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Direct-to-Consumer Advertising of Prescription Drugs—Review of Literature Relating to Population Subsets. Eastern Research Group, Inc. Lexington, MA. DTCA and Subsets of the Population. Who are underserved populations? Groups studied in DTCA research: Elderly

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Direct-to-Consumer Advertising of Prescription Drugs—Review of Literature Relating to Population Subsets

Eastern Research Group, Inc.

Lexington, MA


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DTCA and Subsets of the Population Drugs—Review of Literature Relating to Population Subsets

  • Who are underserved populations?

  • Groups studied in DTCA research:

    • Elderly

    • African-Americans, Hispanics, and other racial or ethnic minorities

    • Lower income level

    • Lower education level

    • Lower English literacy

  • Note: Research onDTCA impacts on children’s health is limited.


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Top 20 Pharmaceutical Products in Terms of Spending on Direct-to-Consumer Advertising in 2005(from Donohue et. al. 2007, Table 3)


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U.S. Population Subsets Direct-to-Consumer Advertising in 2005U.S. Census 2006 American Community Survey

Adult U.S. population:

75.4% (225,746,000) ≥18 years

  • Elderly/Seniors

    • 17% (50,983,000) ≥ 60 years.

    • 6.1% (18,293,000) ≥ 75 years.

  • Race, Ethnicity, and Language

    • 66.2% White (non-Hispanic or Latino)

    • 14.8% Hispanic or Latino

    • 12.4% Black or African American

    • 4.4% Asian

    • 8.7% speak English less than very well.

      (Census, 2008)


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U.S. Population Subsets Direct-to-Consumer Advertising in 2005U.S. Census 2006 American Community Survey:225,746,000 people ≥18 years

  • Household Income

    • $15,000 - $24,999-11.4%

    • $25,000- $34,999- 11.2%

    • $35,000- $49,999- 14.8%

    • $50,000- $74,999- 19.0%

    • $75,000- $99,999- 11.8%

  • Median Household Income by Race

    • White $52,375

    • Asian $63,642

    • Hispanic or Latino $38,747

    • American Indian and Alaska Native $33,762

    • Black or African American- $32,372


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U.S. Population Subsets Direct-to-Consumer Advertising in 2005U.S. Census 2006 American Community Survey:225,746,000 people ≥18 years

  • Education Level (over 18 years)

    • 16.2% non-high school graduate

    • 30.7% high school graduate

    • 24.6% Bachelor’s degree or higher

  • Poverty Rate and Median Income by Education (over 25 years)

    • 23.7% non-high school graduate—$18,641

    • 11.5% high school graduate—$26,123

    • 4.1% bachelor’s degree—$45,221

    • 3.1% graduate or professional degree—$59,804


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Comparing underserved populations with the general population:

  • What data have been reported regarding DTCA and U.S. consumers?

  • What data have been reported regarding DTCA and underserved populations?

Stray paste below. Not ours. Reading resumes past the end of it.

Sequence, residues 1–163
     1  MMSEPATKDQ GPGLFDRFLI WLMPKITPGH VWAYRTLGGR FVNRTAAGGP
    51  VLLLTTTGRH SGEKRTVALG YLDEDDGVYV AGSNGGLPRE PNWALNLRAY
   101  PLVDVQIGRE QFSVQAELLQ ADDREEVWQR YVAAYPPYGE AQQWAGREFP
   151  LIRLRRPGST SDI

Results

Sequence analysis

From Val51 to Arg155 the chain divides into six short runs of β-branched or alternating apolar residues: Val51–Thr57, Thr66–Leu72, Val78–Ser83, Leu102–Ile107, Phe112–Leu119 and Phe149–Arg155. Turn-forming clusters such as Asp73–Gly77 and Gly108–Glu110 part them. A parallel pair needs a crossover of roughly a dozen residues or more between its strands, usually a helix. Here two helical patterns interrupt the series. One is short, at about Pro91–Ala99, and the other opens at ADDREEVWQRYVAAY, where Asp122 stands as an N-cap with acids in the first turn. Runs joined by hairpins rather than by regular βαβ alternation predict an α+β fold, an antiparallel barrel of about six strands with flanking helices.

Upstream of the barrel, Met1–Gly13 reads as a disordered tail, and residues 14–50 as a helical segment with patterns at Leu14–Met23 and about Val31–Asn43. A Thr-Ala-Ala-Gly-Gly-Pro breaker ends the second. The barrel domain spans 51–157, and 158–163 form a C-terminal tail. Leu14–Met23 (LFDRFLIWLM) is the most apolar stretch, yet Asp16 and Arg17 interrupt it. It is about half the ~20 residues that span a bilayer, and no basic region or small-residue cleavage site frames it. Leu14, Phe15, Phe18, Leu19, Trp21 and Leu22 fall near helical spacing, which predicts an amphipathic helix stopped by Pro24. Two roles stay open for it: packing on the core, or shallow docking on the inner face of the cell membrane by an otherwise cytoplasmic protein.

• Are there differences in exposure to, attitude toward, comprehension of, and behavior in response to DTCA?


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General Population population:

96% percent report having seen at least one DTCA(Prevention, 2004).

83% saw DTCA in previous 12 months(Murray et al., 2004).

Population Subsets

93% of subjects ≥60 years have seen at least one DTCA (Prevention 2004).

88% of subjects ≥60 years have seen DTCA on TV (Marinac et al. 2004).

90% of subjects ≥50 years have seen a DTCA(Barrett, 2005).

Exposure to DTCA


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Exposure to DTCA population:

Population Subsets

  • 76% of African-American patients* in doctors’ waiting rooms had seen a DTCA in previous two months (Allison-Ottey et al., 2003).

  • *sample was 91% African-American, 5% Hispanic

General population

  • 91% have seen or heard some type of DTCA (Kaiser, 2008).

  • 81% have seen or heard a DTCA for prescription drugs in the past 30 days(Consumer Reports, 2008).


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General Population population:

32% of DTCA-exposed consumers talked to a physician about DTCA drug; 8.3% of exposed consumers asked for a prescription(Prevention, 2004).

12% of exposed subjects talked to physician about information in a DTCA(Murray et al., 2004).

Population Subsets

27% of DTCA-exposed subjects ≥60 years talked to physician about DTCA drug; 4.1% asked for a prescription (Prevention, 2004).

18% of exposed subjects ≥50 years asked physician for DTCA prescription(Barrett, 2005).

5% of subjects asking physician about DTCA drug were ≥75 years. They were less likely (OR=.58) to make RX requests than other groups.(Datti and Carter, 2006).

Behavioral Response to DTCA—Talking to Physicians


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Behavioral Response to DTCA— population:Talking to Physicians

Population Subset

  • 58% of high school non-graduates scheduled a physician visit in response to DTCA(Murray et al., 2004).

General Population

  • 22% of high school graduates or higher scheduled a physician visit in response to DTCA(Murray et al., 2004).

  • 32% of exposed subjects (29.1% of all) asked physician about the specific drug they saw advertised(Kaiser, 2008).


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Behavioral Response to DTCA— population:Talking to Physicians

Population Subsets

  • c. 29% of African-American patients* in doctors’ waiting rooms said they had once asked physician for DTCA prescription(Allison-Ottey, et al. 2003).*sample was 91% African-American, 5% Hispanic.

  • Odds of African- Americans requesting a DTCA prescription were 58% higher than survey counterparts(Datti and Carter, 2006).

General Population

  • 31% of DTCA-exposed patients asked physician about DTCA drug (Datti and Carter, 2006).

  • 33% of subjects who had a question for their physician were prompted by a TV ad, 19% by a print ad(Aikin et al., 2004).


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General Population population:

84% of direct DTCA prescription requests granted by physicians (7.0% of all DTCA-exposed subjects),(Prevention, 2004).